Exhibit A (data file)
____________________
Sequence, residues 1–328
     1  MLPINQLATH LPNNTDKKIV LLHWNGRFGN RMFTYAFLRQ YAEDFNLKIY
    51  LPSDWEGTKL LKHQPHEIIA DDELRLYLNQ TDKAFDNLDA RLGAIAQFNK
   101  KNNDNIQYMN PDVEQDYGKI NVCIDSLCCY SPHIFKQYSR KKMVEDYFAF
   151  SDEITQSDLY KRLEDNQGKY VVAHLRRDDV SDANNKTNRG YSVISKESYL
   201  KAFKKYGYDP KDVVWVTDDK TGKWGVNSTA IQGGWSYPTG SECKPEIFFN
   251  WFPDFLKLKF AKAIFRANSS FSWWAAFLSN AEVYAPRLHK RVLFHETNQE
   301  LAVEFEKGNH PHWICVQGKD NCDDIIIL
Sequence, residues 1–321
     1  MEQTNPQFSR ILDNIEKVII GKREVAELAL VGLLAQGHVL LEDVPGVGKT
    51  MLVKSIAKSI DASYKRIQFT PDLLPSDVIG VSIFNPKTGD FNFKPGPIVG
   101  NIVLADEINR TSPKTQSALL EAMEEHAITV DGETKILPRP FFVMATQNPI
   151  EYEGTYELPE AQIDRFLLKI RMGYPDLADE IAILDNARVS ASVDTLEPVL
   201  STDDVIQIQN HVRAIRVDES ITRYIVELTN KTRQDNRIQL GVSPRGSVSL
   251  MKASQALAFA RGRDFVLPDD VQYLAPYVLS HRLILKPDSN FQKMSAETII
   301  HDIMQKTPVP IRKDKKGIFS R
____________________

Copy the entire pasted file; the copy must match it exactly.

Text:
Sequence, residues 1–328
     1  MLPINQLATH LPNNTDKKIV LLHWNGRFGN RMFTYAFLRQ YAEDFNLKIY
    51  LPSDWEGTKL LKHQPHEIIA DDELRLYLNQ TDKAFDNLDA RLGAIAQFNK
   101  KNNDNIQYMN PDVEQDYGKI NVCIDSLCCY SPHIFKQYSR KKMVEDYFAF
   151  SDEITQSDLY KRLEDNQGKY VVAHLRRDDV SDANNKTNRG YSVISKESYL
   201  KAFKKYGYDP KDVVWVTDDK TGKWGVNSTA IQGGWSYPTG SECKPEIFFN
   251  WFPDFLKLKF AKAIFRANSS FSWWAAFLSN AEVYAPRLHK RVLFHETNQE
   301  LAVEFEKGNH PHWICVQGKD NCDDIIIL
Sequence, residues 1–321
     1  MEQTNPQFSR ILDNIEKVII GKREVAELAL VGLLAQGHVL LEDVPGVGKT
    51  MLVKSIAKSI DASYKRIQFT PDLLPSDVIG VSIFNPKTGD FNFKPGPIVG
   101  NIVLADEINR TSPKTQSALL EAMEEHAITV DGETKILPRP FFVMATQNPI
   151  EYEGTYELPE AQIDRFLLKI RMGYPDLADE IAILDNARVS ASVDTLEPVL
   201  STDDVIQIQN HVRAIRVDES ITRYIVELTN KTRQDNRIQL GVSPRGSVSL
   251  MKASQALAFA RGRDFVLPDD VQYLAPYVLS HRLILKPDSN FQKMSAETII
   301  HDIMQKTPVP IRKDKKGIFS R